This paper is intended to be more modest than even its subtitle "attempt" denotes. The writers feel confident that a key principle, roughly reminding one of the principle of Gray's botany for the diagnosis of plants, is applicable to the diagnosis of nervous diseases. Central in the application of such a key principle is the idea of exclusion of diseases in diagnostic consideration by means of following a certain order. But granting the theoretical virtues of a key principle and of the method of orderly diagnosis by exclusion, we must remain uncertain whether the order adopted is the one best way, in the sense of the efficiency engineer who devised that term.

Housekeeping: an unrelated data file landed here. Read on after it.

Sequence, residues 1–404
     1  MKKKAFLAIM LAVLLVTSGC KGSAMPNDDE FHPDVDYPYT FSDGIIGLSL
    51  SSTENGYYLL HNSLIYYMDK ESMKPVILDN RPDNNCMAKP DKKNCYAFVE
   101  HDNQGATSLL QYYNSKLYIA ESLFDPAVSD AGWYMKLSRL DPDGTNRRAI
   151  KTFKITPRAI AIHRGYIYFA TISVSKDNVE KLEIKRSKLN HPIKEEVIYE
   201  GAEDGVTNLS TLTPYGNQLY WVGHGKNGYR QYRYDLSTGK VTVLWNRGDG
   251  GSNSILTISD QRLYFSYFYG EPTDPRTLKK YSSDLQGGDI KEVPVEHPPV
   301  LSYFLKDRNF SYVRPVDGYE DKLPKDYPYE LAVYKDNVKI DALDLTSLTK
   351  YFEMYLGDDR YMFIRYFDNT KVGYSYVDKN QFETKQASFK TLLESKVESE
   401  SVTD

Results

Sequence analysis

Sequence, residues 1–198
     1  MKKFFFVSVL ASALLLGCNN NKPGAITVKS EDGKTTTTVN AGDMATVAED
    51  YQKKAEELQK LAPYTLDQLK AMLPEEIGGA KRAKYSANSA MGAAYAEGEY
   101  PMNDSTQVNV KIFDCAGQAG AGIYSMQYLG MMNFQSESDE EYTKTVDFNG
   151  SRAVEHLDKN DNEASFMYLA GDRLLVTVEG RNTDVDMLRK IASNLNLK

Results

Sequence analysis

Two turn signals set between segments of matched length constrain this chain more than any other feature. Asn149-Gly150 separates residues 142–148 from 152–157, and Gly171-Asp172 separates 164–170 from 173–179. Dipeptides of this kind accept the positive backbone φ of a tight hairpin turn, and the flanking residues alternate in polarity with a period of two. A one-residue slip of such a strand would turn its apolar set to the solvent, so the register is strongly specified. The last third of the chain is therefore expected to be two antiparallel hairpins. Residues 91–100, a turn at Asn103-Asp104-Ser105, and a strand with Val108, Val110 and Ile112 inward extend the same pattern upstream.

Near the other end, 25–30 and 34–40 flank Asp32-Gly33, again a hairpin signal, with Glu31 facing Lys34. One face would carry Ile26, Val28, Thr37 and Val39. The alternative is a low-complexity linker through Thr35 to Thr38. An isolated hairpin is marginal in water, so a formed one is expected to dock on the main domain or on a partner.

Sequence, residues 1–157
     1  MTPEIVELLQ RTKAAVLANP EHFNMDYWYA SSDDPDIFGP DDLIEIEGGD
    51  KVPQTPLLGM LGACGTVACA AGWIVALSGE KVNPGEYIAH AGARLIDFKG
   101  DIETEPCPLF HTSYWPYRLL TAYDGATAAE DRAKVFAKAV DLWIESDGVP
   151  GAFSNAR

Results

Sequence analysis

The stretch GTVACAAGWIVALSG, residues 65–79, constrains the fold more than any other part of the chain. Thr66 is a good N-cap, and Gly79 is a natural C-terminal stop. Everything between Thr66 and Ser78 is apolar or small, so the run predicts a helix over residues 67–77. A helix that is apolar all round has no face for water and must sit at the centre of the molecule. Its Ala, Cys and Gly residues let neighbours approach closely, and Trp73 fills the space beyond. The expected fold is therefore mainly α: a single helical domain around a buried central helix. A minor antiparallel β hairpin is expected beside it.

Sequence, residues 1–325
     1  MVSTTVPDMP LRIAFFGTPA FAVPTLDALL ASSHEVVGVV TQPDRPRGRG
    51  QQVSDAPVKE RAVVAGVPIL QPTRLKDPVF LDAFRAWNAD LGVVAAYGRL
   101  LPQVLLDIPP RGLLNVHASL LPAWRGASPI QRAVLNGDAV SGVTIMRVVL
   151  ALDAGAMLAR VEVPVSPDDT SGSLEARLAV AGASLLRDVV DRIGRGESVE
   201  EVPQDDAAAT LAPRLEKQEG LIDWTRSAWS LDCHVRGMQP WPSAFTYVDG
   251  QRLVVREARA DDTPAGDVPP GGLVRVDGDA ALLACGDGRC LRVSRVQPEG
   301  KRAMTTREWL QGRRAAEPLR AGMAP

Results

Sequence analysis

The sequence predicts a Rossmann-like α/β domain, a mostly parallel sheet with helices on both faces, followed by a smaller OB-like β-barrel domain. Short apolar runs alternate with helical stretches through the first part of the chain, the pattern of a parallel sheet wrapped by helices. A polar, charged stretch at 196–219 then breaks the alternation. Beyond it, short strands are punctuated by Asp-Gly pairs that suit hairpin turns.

The attempt to apply a key principle to the differentiation of the major groups of nervous diseases was based on the comparative success of the application of
SOUTHARD EE, SOLOMON HC. MORBI NEURALES: AN ATTEMPT TO APPLY A KEY PRINCIPLE TO THE DIFFERENTIATION OF THE MAJOR GROUPS. Arch NeurPsych. 1920;3(3):219–229. doi:10.1001/archneurpsyc.1920.02180150002001
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